Quoin of Slumber by Sunnie Gaylord

If I can’t sleep in this apartment, if I can’t sleep in this town, then I’ll take any undiscovered dirt road to get to that place that isn’t here. Where is my quoin of slumber if it isn’t in his basement? If it isn’t in the nook of his neck and ribs? And so, I grab my sweater, deodorant, and a book of matches. Pinpoint on the horizon, that’s where sleep nests.


There’s this tapping. A lepidoptera metronome. Moths are diving into my windshield. Suicide bombers with dusted wings; I can relate. A glow from underneath the seat made by my phone that keeps telling me I’m never really alone, I’m fleeing from an exalting community, pining to take care of me.  And his voice narrating the car scene that says “They’re all just trying to get into her jeans”.


Winding through aphotic composition and yellow paint, wielding the steering wheel over chaffed paths, where doleful women have worn through the cement and crust. How many daughters am I following? How many marred lovers have cast off and sailed through this chop sea of blizzard posts and highway? How many made their way back home, and how many walked plank?


An hour later I pull over and toss my body into dirt and red pine needles. Load my lungs with smoke and just stare up into the ink and salt. Lose myself in the cold and cricket chorus. Contrive myself in the thought that I could expire here, I could be vital here.  And I can inhale, feel how tangible I haven’t been lately, exhale, feel my verve and aegis collide, blooming simultaneously. And somehow, despite the air that bites, I am serenaded into the deep unconsciousness I’ve been coveting.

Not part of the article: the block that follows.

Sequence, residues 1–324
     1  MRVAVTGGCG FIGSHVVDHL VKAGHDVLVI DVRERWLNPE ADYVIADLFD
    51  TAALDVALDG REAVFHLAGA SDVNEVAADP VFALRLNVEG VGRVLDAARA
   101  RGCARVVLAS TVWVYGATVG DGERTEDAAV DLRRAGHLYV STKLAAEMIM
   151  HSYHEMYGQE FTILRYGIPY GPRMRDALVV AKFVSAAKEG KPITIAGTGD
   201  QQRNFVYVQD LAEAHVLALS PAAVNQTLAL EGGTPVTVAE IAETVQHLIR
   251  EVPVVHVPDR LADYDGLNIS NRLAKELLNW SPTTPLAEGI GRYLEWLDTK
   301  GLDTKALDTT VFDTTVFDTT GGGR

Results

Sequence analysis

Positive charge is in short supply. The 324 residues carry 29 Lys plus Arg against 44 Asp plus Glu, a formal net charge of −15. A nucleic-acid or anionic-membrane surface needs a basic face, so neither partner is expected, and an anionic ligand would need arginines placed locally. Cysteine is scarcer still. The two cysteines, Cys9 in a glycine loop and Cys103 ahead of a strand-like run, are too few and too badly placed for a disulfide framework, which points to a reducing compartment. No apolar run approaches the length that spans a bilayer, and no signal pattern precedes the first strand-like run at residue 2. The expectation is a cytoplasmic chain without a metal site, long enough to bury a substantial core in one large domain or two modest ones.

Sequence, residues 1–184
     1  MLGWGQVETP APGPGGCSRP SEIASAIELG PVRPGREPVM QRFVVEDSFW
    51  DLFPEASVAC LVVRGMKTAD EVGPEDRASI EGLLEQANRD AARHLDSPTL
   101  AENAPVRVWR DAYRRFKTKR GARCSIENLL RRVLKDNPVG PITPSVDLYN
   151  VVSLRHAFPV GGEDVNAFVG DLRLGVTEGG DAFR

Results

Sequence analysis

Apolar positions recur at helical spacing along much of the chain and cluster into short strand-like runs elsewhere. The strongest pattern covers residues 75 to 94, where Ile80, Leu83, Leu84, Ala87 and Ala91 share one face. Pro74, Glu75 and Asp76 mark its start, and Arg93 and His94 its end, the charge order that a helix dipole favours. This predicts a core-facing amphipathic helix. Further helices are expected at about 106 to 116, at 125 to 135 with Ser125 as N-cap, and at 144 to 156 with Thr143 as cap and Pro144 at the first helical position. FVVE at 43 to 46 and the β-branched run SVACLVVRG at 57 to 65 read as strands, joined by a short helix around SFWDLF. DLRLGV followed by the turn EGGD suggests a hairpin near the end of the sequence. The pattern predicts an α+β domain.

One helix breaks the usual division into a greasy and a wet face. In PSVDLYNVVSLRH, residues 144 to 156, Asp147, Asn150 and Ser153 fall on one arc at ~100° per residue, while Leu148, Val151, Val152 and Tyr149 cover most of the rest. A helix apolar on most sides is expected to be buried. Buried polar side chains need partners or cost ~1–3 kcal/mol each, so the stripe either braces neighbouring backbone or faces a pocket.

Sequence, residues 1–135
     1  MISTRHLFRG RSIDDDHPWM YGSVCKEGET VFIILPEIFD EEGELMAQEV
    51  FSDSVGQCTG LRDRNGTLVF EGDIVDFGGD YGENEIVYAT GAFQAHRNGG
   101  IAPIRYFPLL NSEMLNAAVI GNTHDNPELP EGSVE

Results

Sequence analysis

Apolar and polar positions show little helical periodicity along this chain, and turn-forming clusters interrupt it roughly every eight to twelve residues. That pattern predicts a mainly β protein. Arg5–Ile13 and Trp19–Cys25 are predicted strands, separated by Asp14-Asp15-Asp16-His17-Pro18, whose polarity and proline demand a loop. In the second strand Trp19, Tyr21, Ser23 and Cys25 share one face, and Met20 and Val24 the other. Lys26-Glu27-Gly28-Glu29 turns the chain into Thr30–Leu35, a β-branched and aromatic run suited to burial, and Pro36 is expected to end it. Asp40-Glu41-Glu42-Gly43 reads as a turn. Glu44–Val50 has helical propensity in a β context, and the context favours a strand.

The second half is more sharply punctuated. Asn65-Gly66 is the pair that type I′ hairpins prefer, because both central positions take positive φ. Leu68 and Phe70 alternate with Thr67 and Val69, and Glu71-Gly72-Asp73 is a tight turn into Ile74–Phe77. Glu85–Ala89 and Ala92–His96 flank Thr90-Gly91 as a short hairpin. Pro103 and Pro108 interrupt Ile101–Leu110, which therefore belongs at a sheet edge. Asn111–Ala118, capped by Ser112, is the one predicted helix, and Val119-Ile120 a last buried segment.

Morning.  I wake up in the debris of outer space. I could scream for other survivors but they’d probably just eat too loudly, walk too slowly, and bitch about their jobs back home. No, I’m content with being the only thing alive. I raise my arms into the blue and try to shake some dust from my wings. That’s when my nostrils ache of home. The deodorant I grabbed…his.

Categories: Issue 1 - Fall 2011, Periodicals, Poetry | Leave a comment

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